Even before Amazon’s acquisition of grocery retailer Whole Foods rocked both the online and offline worlds with the realization that Amazon was extending its presence outside of the Matrix and into the real world, the company has been quietly extending its reach into the dirtmap via its PayPal killer Amazon Pay. TechCrunch now reports that the etailer has launched a new feature, Amazon Pay Places, to help retailers streamline the physical purchase experience. With restaurant chain TGI Friday’s already on board, we could be looking at the future of frictionless payments – or the further balkanization of mobile payment competitors.
By Rick Ferguson
Granted, Amazon’s test with TGI Friday’s is a small one; according to TechCrunch, Pay Places is available to TGI Friday’s customers in Baltimore, Boston, Philadelphia, Richmond, VA, Washington D.C., and Wilkes-Barre, PA. The feature isn’t exactly intuitive to use, either; customers must first have the Amazon app installed on their smart phones, and then navigate the app menu to locate the feature, browse TGI Friday’s menu, and then order those Jack Daniel Glaze chicken wings to go by paying with your Amazon account information. The process certainly is more frictionless than the old-school way of calling in a takeout order, but it is far less frictionless than, say the Starbucks app.
Still, the test represents additional evidence that Amazon is using Amazon Pay as the thin edge of the wedge to push Prime into the real world; in select markets, Prime members can already use Amazon Restaurant to have takeout delivered to their homes and paid for via Amazon Pay. The most likely initial target of this push is PayPal, which has a significant head start on Amazon Pay – and given Amazon’s aggressiveness of late, has reason to be worried. from TechCrunch:
“Amazon Pay, largely, is Amazon’s own alternative to something like PayPal. That is, it gives online merchants the ability to add a button on their websites’ checkout pages that let shoppers pay via their Amazon account info. The idea there is that by doing so, customers are more likely not to abandon carts and checkout is sped up. Amazon Pay charges 2.9 percent + $0.30 per transaction, also like PayPal.
“The retailer isn’t disclosing how many merchants are using its payments platform today, but in February it had announced that over 33 million customers have used Amazon Payments to make a purchase to date – a figure that was up 10 million from the 23 million it had in April 2016. Though Amazon Pay is generally associated with e-commerce, Amazon has been slowly rolling it out to the real world, as well. For instance, Amazon last year partnered with luxury clothing merchant Moda Operandi, allowing in-store customers to pay for clothes they previously selected online using their Amazon account information. Amazon Pay Places, then, represents the second use case for Amazon Pay out in the real world.”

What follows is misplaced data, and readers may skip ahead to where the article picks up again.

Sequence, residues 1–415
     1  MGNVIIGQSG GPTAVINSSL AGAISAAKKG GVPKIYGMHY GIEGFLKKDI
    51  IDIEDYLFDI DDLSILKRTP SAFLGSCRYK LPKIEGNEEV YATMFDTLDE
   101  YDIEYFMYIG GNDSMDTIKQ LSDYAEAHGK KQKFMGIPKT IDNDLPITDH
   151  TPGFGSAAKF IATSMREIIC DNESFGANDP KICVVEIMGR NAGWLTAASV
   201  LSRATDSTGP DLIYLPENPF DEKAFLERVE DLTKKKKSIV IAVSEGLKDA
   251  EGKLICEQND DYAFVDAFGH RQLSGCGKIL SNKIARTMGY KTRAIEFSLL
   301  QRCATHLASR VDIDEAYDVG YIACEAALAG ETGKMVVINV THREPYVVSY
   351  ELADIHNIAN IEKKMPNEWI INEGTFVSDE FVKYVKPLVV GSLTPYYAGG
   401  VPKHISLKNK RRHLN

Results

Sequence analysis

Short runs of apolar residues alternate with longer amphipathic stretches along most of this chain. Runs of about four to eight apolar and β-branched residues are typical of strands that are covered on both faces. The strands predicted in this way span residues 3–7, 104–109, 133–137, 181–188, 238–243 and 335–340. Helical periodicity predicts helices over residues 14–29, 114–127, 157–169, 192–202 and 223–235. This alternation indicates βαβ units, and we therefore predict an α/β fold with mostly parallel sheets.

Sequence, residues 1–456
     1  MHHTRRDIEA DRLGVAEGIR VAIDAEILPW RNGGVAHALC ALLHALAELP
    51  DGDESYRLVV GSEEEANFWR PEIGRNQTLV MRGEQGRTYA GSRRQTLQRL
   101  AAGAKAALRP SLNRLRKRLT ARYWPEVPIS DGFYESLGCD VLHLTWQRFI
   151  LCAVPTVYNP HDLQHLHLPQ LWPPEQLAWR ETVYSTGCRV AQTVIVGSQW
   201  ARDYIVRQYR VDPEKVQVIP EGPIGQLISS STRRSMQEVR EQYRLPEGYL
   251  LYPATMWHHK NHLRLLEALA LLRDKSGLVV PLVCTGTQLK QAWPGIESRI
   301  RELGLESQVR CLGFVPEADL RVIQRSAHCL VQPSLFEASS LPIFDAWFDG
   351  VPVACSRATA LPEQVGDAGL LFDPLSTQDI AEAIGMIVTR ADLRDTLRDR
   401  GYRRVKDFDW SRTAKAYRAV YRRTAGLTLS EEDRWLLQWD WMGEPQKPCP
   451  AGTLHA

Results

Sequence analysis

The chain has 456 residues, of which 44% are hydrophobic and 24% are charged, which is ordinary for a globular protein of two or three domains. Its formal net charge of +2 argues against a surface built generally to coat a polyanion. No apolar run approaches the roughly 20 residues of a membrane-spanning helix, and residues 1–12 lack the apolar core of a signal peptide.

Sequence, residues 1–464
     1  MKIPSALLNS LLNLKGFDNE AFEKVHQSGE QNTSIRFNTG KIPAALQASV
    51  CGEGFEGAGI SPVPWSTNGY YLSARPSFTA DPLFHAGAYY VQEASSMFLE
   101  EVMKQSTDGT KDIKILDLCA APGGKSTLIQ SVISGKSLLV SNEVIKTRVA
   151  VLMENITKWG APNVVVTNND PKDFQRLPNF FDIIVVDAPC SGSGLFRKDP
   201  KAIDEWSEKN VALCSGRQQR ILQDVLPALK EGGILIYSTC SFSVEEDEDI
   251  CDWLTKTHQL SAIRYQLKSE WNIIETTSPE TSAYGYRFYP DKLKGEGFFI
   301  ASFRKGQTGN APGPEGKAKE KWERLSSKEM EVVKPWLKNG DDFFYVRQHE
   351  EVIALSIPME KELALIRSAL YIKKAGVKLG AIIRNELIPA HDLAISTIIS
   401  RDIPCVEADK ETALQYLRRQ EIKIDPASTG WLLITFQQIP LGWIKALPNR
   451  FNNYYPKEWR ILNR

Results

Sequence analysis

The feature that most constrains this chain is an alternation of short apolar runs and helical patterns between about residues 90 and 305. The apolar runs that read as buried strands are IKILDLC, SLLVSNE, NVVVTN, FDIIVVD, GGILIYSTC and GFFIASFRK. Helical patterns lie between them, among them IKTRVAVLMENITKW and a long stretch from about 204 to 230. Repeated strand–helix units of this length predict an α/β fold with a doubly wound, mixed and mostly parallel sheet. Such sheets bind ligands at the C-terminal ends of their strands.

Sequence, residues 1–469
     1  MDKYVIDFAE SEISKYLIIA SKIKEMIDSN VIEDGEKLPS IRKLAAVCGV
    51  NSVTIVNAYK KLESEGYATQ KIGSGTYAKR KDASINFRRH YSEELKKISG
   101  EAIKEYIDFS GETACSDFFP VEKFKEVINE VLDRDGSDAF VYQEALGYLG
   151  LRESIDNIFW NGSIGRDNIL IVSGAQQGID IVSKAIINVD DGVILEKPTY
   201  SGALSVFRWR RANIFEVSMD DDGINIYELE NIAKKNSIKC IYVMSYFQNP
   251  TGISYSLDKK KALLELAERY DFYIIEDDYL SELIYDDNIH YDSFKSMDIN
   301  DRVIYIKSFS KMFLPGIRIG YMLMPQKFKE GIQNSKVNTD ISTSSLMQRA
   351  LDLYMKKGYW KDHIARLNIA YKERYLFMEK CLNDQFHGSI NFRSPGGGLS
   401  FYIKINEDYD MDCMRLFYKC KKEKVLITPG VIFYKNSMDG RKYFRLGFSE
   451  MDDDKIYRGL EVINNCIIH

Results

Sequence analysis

As we mentioned, PayPal has a significant head start; the company’s latest quarterly earnings report revealed that the payment processor has grown to 203 million active customer accounts, versus Amazon Pay’s 33 million. On the merchant side, PayPal ended the quarter with more than 16 million active merchant accounts. That’s a far cry from Amazon’s cute little TGI Friday’s test.
Still, Amazon has one weapon in its arsenal that PayPal lacks: A loyalty program. As a recent Retail Dive report notes, more than 50 percent of Amazon Pay users are also Prime members. Prime members, as we know, are very loyal shoppers indeed.
Now let’s extrapolate that TGI Friday’s test into the future: suppose the test is a success, and that TGI Friday’s rolls it out nationally. Then imagine the restaurant chain announces that Prime members receive cash-back on their orders that can be redeemed on Amazon. Then Amazon offers Prime members the same cash-back rewards offer on their Whole Foods orders. Perhaps soon after, Amazon announces partnerships with a fuel retailer and a home improvement store. Then imagine that Prime members who link their Amazon Pay accounts to their Amazon Rewards Visa Signature card earn even bigger cash-back rewards anywhere within the network.
That, my friends, is a coalition loyalty program with Amazon as its hub. Prime is a juggernaut, and PayPal is right to fear it; to compete, the company has announced expanded rewards partnerships with Chase and Citi to integrate those banks’ respective credit card reward programs into PayPal. Amazon and PayPal, we hear, have held off-and-on talks about partnering on mobile payments. If PayPal doesn’t exercise its leverage to make a deal soon, the company may soon find that it’s Amazon that has the leverage.
Rick Ferguson is Editor in Chief of the Wise Marketer Group.